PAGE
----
Linbury Studio Theatre, Royal Opera House
Craftsman/Man 3/Gracchus/Policeman – Andri Björn RobertssonSilversmith/Man 1 – Daniel Norman
Daughter/Woman – Anna Dennis
Pope/Surgeon/Man 2 – William Purefoy
Girl – Suzanne Shakespeare
Annabel Arden (director)Joanna Parker (designs)
Matt Haskins (lighting)
Dick Straker (video)
Pete Malkin (sound engineer)
Richard Baker (conductor)
|Man 2 (William Purefoy), Woman (Anna Dennis), Man 1 (Daniel Norman), Girl (Suzanne Shakespeare)|
Images: © ROH - Stephen Cummiskey
These two new one-act operas had been given their first performances on 14 March at Snape Maltings; three days later, they came to London, where they will be performed three times, before moving to Leeds’s Howard Assembly Room for a performance there. That reflects the excellent idea of having Aldeburgh, the Royal Opera, and Opera North jointly commissioning and sharing productions on an annual basis. Much as one might regret the language in which the statement, ‘Nurturing Opera Makers of the Future’ is couched, for instance, ‘The motivation is that in recent years this middle-scale opera sector has changed,’ the commissioners’ hearts are doubtless in the right place. They rightly point to the sad demise, for which our political masters bear heavy though not sole responsibility, of companies such as English Opera Group, Kent Opera, and Almeida Opera; let us hope that this initiative continues to bear fruit as it did here.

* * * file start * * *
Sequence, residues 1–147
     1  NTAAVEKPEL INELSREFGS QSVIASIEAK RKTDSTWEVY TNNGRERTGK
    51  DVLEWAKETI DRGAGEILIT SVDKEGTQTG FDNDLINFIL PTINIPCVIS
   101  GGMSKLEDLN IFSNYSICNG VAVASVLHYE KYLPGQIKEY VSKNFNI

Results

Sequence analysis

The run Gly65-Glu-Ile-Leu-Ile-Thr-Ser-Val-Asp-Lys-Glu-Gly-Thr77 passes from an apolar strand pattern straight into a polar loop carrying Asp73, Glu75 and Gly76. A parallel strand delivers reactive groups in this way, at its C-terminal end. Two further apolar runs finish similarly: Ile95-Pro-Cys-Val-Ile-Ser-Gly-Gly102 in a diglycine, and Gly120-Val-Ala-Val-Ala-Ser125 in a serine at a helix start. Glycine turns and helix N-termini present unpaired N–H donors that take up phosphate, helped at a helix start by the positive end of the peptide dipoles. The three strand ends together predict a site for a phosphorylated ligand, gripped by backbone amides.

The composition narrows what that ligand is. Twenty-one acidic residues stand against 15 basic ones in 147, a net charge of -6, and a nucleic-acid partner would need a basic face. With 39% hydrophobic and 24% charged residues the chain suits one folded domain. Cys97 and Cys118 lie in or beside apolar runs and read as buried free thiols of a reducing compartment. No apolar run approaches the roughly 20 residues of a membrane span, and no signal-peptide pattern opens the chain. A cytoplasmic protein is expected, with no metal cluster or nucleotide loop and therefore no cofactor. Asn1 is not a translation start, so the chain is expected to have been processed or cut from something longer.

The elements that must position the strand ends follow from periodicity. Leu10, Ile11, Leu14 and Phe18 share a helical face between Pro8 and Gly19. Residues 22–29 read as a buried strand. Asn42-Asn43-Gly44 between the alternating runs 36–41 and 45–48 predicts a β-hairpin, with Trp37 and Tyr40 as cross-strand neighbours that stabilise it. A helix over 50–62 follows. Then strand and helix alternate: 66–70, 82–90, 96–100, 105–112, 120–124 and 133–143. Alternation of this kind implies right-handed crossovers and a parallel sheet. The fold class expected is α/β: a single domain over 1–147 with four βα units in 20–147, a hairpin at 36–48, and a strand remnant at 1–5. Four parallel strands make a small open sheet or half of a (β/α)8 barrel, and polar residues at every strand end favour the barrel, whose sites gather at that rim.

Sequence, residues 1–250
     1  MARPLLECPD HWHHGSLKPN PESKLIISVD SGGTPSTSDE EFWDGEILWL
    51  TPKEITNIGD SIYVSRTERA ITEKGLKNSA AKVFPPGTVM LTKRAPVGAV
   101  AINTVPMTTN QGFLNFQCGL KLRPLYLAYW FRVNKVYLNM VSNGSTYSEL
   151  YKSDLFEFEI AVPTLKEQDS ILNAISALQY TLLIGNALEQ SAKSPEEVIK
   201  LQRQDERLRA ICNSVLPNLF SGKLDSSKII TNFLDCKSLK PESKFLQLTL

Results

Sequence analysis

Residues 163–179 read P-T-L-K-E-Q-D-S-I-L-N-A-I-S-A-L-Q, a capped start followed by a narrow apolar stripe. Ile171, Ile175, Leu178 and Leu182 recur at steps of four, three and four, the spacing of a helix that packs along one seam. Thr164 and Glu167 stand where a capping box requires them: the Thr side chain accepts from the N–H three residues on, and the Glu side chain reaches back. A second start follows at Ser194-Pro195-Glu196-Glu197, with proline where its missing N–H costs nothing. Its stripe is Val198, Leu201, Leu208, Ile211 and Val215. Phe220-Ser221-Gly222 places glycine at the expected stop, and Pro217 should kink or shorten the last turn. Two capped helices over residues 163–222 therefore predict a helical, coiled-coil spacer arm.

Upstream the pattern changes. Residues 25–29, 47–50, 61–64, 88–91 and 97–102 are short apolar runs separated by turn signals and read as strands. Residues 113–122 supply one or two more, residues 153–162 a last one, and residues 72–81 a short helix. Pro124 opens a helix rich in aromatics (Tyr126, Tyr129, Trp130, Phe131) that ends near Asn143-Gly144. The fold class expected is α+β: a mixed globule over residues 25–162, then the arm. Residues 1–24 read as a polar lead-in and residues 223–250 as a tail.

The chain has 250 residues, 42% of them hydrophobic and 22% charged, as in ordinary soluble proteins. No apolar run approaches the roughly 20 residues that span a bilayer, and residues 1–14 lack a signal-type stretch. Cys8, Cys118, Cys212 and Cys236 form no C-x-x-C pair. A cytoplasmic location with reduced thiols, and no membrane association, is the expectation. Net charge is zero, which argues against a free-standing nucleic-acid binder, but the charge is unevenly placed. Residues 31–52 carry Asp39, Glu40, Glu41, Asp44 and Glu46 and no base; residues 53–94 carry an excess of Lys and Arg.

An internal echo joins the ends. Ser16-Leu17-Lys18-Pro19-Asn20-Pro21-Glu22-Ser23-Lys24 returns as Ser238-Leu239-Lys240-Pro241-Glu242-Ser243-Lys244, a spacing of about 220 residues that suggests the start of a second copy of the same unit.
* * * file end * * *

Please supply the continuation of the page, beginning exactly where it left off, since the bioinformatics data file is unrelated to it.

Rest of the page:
|Craftsman (Andri Björn Róbertsson)|
Café Kafka offered a bracing, sardonic contrast – one to which I admit I responded more readily, but again, that may be more about me. Meredith Oakes may now, I think, be forgiven that doggerel reduction of The Tempest for Thomas Adès, since this offers a genuinely provocative treatment of, in her words, ‘the vertigo and intoxication people feel not just from trying and failing to understand the world, but also from trying to deal with the actual details of their own and other people’s behaviour’. The point is made more than once that the search for coherence may be in vain: a point we should at least consider, even if it prove well-nigh impossible for us as humans entirely to acquiesce. Two men and two women’s flirtations and conversations in a café attempt and fail to make sense of their lives, when suddenly the mood and tone change (as well, in this case, as the excellent lighting: Matt Haskins), and, in the words of director Annabel Arden’s synopsis, ‘Into this hermetic world comes the inexplicable figure [from a Kafka short story] of the Hunter Gracchus who died a long time ago, but whose death ship cannot truly cross into the realm of death.’ Francisco Coll’s score is bright and angular, rhythm and instrumentation working in often scintillating tandem. Here undoubtedly is a major talent, as was also suggested a couple of years ago at a London Sinfonietta performance of his Piedras. Vocal writing and differentiation were for me more readily apparent here, and a similar degree of resourcefulness, albeit of quite different nature, was undoubtedly apparent.